Contact your Senators, identify yourself as a constituent (tell them the town you live in), tell them you oppose SB 460, and respectfully urge them to also oppose this bill. We ask that should you decide to e-mail, you also call their offices.

See links below for assistance in contacting your Senator.

To find your Senator, visit the North Carolina General Assembly web site and type your zip code in the "Who Represents Me?" box on the right side of the page.

View basic phone scripts for breeders and fanciers.

Click here for a sample letter to personalize.

For more information, contact AKC’s Government Relations Department at (919) 816-3720, or e-mail

DE- Bills Target Dog Licensing, Housing and Tethering

Delaware Bills Target Dog Licensing, Housing and Tethering
Posted: Thursday, July 23, 2009, 4:32 p.m., EDT

Delaware legislators have passed a measure that seeks to transfer control of the management of dog licenses from the state to individual counties. Legislators are also reconsidering laws that govern primary enclosures for dogs and tethering.

Under House Bill 233, which was recently passed by both the state House of Representatives and Senate, each county would be responsible for issuing the various dog licenses. Currently, dog licenses are issued by the state Department of Natural Resources and Environmental Control.

The bill grants the counties the authority to determine license fees, appoint licensing agents, enact rules and regulations regarding licensing and provide applications for the following:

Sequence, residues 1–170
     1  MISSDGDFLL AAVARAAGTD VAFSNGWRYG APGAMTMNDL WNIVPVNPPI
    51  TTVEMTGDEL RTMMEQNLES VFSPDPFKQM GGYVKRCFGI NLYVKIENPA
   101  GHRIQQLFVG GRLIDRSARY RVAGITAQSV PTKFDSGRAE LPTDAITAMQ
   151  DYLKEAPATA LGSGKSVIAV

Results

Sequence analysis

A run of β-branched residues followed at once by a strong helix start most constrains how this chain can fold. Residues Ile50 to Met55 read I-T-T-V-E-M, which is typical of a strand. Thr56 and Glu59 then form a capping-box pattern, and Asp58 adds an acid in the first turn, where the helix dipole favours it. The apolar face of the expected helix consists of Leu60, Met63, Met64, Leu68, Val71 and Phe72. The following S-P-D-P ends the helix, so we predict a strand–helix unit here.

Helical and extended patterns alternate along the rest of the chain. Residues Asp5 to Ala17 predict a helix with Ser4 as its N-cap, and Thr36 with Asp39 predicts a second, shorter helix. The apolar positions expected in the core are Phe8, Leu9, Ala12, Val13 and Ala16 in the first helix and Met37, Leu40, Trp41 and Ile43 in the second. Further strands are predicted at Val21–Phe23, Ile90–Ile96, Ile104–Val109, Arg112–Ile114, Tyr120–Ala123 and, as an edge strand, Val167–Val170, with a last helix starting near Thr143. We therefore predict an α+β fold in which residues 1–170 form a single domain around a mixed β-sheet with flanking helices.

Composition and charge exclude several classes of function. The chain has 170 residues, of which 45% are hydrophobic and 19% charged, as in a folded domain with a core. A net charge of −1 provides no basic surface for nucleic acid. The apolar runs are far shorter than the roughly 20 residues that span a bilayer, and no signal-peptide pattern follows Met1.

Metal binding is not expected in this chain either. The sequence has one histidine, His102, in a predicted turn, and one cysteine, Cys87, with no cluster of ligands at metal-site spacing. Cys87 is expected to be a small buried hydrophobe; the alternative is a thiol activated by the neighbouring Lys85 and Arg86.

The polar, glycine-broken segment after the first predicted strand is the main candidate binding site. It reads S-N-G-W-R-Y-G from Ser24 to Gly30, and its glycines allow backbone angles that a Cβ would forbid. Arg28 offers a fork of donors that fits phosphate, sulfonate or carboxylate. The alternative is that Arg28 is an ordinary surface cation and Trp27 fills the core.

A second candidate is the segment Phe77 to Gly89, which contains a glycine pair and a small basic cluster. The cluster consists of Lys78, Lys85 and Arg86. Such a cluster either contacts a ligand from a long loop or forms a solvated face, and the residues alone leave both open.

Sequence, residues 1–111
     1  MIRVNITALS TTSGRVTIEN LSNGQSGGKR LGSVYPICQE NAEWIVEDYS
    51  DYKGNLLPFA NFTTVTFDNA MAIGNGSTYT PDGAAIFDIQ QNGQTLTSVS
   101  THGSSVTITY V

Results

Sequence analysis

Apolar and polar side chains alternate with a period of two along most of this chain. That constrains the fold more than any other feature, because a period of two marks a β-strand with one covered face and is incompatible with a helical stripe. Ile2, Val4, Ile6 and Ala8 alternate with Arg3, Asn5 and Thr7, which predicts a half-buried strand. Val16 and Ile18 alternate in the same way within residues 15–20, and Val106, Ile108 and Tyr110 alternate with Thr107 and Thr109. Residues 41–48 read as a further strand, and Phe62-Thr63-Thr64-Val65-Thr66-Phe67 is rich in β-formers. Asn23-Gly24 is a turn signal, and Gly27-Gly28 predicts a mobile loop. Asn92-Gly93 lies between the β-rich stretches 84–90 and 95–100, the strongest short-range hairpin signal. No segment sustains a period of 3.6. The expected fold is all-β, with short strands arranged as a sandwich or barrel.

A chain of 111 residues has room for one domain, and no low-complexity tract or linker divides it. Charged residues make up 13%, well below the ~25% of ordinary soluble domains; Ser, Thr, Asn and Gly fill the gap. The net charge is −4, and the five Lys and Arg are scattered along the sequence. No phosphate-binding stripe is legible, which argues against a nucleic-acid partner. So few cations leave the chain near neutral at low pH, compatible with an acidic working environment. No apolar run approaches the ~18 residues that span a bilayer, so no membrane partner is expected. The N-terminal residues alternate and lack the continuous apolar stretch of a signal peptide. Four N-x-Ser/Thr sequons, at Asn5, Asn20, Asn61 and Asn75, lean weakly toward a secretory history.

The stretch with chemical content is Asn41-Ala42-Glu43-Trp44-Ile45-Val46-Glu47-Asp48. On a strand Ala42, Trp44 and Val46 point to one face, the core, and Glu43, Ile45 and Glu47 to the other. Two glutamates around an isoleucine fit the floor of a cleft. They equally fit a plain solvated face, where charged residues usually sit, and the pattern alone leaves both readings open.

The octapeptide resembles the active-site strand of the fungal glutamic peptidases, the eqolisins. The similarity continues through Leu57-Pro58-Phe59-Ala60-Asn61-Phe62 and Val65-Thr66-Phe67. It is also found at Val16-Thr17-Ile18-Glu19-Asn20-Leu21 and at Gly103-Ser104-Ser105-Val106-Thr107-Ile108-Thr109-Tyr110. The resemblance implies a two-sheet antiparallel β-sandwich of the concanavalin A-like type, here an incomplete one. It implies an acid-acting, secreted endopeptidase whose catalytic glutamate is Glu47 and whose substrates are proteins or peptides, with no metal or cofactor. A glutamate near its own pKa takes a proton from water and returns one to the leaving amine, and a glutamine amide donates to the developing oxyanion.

•Individual dog owner licenses
•Retail dog outlet licenses
•Kennel licenses
A “retail dog outlet” is defined as “any premise where dogs are sold, offered or maintained for sale, on a retail basis.”

Those who fail to obtain the appropriate dog license would be subject to a fine of at least $50.

The bill, which has been sent to the governor to be signed, would go into effect Jan. 1, 2010.

Click here to view HB 233.

In addition, Delaware legislators have introduced a measure that sets forth amendments pertaining to primary enclosures and tethering.

House Bill 293 establishes a formula for calculating the proper enclosure size for housing a dog. The required floor space is equal to: (length of dog in inches + 6) x (length of dog in inches + 6) x 2.

Size requirements do not apply to:

•Any dog temporarily kept in a smaller enclosure for purposes such as crate training, transportation, or pursuant to a veterinarian’s order.
•Any office of a licensed veterinarian.
•Any temporary kennel facility where dogs are kept for grooming, boarding, training or other purposes for less than two consecutive weeks (as long as there is sufficient space to allow the dog to turn about freely and to stand erect, sit and lie down in a comfortable, normal position).